Isaiah Chapter 22 Notes

Isaiah Ch 22 Commentary // larryhuntbiblecommentary.wordpress.com

Some notes on Isaiah 22…

vs. 1-2: Oxford describes this behavior as “misplaced rejoicing…perhaps after the withdrawal of Sennacherib’s army in 701 [B.C.].”  Barnes, however, describes the behavior as that of a city in fear.  I agree with Barnes and would paraphrase these verses with a slightly sarcastic tone as, “What’s the matter?  What are you so afraid of that you run to the rooftops in terror?  I thought you were a proud city, full of self-confidence and exultation.”

v. 3: Barnes seemed inclined to believe this prophecy refers to Sennacherib’s invasion, so I guess that he believed these events took place at that time.  Oxford presumably places the events of this verse after the withdrawal of Sennacherib’s army but does not explain what would be responsible for destroying the cowardly Jewish rulers after the Assyrian retreat.

v. 5: This verse could be used to argue against the claim that these events take place during the Assyrian invasion; it reads, “in the valley of vision [Jerusalem] a battering down of walls,” but there is no record that the Assyrians battered down any section of the walls of Jerusalem.  Indeed, they never even properly laid siege to the city. (See 2nd Kings notes for mychronological summary of Hezekiah’s reign.  See also 2nd Kings 19:32-34 where God announces that Assyria will not be permitted to attack Jerusalem at all.)  I suppose, however, that this “battering down of walls” could be a poetic way of announcing that war would threaten Jerusalem via the Assyrians, but this seems like a stretch to me.

v. 6: Nevertheless, there are several reasons to agree with Barnes’ claim that the events of this prophecy take place during the Assyrian invasion.  This verse is one reason.  Elam, which both the Oxford Commentary (Isaiah 11:11) and Barnes (365) identify with Persia, is attacking Judah in this verse, but I do not believe that the Persians, as an independent power, ever attacked Judah; they simply inherited it from the Babylonians as a result of the Persian conquest of Babylon.  Barnes, however, citing 2nd Kings 16:9 and 17:6, claims that the Persians and Medes were subject to Assyria during the time of the Assyrian invasion of Judah; thus, they could be present in the Assyrian army as conscripts (365).

v. 8: The tense of the verses in this chapter confuses their exact reference for me.  Verse 5 says the Lord “hasa day” (present tense), but verse 8 says, “On that day you [the Jews]looked,” (past tense).  Either “the day” of v. 5 refers to some future punishment (perhaps the same punishment referred to in v. 14) or “the day” of v. 5 is the same as that of v. 8 and the references to time are blurred, perhaps as a literary device of some type and/or as a result of the prophet’s supernatural experience of time. It may also be like when we tell others about a dream we have had.  Often we use the past tense to refer to the events of the dream simply because we had the dream in the past tense.  However, if our dream were a prophecy of the future, then the use of the past tense could be a little misleading.[1]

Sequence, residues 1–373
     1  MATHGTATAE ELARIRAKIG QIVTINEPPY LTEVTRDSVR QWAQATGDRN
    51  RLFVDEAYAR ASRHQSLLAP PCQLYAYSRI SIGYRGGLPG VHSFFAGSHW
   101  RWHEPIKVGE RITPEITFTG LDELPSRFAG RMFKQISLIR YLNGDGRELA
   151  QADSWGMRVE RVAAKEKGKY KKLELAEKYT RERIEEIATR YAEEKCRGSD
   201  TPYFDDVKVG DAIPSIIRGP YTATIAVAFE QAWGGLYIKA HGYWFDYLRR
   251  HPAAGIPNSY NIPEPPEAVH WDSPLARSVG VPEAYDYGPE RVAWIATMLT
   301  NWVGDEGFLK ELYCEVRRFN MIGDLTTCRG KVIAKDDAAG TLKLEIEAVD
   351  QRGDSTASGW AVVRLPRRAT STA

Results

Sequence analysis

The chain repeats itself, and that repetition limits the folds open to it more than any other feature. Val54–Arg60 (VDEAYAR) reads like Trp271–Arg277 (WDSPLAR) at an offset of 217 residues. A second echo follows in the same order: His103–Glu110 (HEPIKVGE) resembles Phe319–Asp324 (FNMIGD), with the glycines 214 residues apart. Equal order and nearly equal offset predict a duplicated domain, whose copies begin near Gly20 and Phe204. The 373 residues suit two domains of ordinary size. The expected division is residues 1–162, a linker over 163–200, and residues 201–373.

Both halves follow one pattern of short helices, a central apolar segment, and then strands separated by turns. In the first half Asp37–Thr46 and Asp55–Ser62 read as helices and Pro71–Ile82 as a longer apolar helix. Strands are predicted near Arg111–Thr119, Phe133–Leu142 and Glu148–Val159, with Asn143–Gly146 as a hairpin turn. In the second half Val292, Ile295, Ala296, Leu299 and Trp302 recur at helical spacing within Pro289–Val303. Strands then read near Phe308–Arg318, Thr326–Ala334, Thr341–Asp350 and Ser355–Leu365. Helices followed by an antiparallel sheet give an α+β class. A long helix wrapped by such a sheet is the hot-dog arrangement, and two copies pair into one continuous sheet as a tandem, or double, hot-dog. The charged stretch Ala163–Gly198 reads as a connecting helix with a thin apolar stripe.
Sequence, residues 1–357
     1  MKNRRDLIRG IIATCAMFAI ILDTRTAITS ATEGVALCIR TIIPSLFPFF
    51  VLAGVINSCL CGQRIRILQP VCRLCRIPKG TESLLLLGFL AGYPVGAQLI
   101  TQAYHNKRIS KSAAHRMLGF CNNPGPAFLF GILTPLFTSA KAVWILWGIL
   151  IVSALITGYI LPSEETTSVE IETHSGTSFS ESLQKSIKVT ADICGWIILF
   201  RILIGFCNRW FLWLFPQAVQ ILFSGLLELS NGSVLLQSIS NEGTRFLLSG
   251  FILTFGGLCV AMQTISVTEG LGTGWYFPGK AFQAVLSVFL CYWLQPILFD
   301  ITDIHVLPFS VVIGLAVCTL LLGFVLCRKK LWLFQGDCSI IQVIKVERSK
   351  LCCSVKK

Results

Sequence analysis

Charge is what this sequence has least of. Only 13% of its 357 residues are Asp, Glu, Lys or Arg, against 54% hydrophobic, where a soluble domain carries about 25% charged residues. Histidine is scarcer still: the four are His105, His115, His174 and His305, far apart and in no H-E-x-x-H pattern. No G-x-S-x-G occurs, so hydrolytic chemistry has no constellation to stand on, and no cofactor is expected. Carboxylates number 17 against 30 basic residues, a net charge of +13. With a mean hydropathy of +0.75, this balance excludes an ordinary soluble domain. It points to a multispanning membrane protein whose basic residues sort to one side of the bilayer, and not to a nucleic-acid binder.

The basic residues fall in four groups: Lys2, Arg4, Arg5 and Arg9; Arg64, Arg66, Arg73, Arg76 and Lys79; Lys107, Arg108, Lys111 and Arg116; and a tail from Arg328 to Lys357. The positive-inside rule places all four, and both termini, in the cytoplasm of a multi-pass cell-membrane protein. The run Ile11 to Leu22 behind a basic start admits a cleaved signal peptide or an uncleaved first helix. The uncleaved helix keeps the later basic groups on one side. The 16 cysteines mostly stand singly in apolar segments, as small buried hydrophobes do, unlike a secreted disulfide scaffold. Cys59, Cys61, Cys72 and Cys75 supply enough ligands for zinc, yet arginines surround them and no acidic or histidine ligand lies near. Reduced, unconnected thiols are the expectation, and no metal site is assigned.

The description of Judah’s actions given from this verse through verse 11 is an undeniable reference to the time of the Assyrian invasion (described in detail in Isaiah 36-37, 2ndChronicles 32, 2nd Kings 18-19); it is the primary reason I am willing to believe the rest of the prophecy in this chapter also refers to those events.

Vs. 12-14: The call to repentance in these verses may have been directed toward the Assyrians or toward the Jews.[2] If the latter is true, and this is still a description of the events of the Assyrian invasion, then these verses depict the Jewish attitude toward that invasion in a way that is not included in any other biblical account.  (See Isaiah 36-37, 2nd Chronicles 32, and 2ndKings 18-19.)  On the contrary, in these other accounts the Jews are fearful and show no sign whatsoever of the sort of shallow, cavalier fatalism of v. 13.

I do not agree with it, but the Oxford Commentary suggests that these verses describe the Jewish attitude after the events after the Babylonian Captivity.[3] If they do, however, I do not understand why the prophet (or later compiler/editor of the prophecies) would mix up the historical references like that.  It seems like there should be some continuity (either historical or thematic) to the prophecy; maybe there is and I am simply missing it.

v. 15: A Shebna is mentioned in Isaiah 36-37 and in 2nd Kings 18-19, which are narratives of the Assyrian invasion.  Eliakim, son of Hilkiah, is also mentioned in these same narratives.  Therefore, I believe this verse and those following (Isaiah 22:15-25) are another historical reference to the time of the Assyrian invasion.

Shebna’s notable sins were pride and presumption, but these were probably not his only sins:  Barnes notes that Jewish tradition claims that Shebna planned to betray the Jews to the Assyrians (371).

v. 25: Barnes believes this peg refers back to Shebna.  I agree with him because it makes more sense to see this as another reference to Shebna than as an abrupt, unexplained and disconnected, one-verse prophecy of Eliakim’s future punishment.

[1] See also notes on 3:4 and 43:3.

[2] The fatalism of v. 13 could describe soldiers, whose lives are constantly at risk in war, and it could also describe the people of Jerusalem as they anticipated their deaths in a siege.

[3] I disagree because the attitude of v. 13 seems more like the sort of thing (ungrateful fatalism) that the prophet would point to as a reason for the punishment of the Babylonian Captivity, not a result of it.


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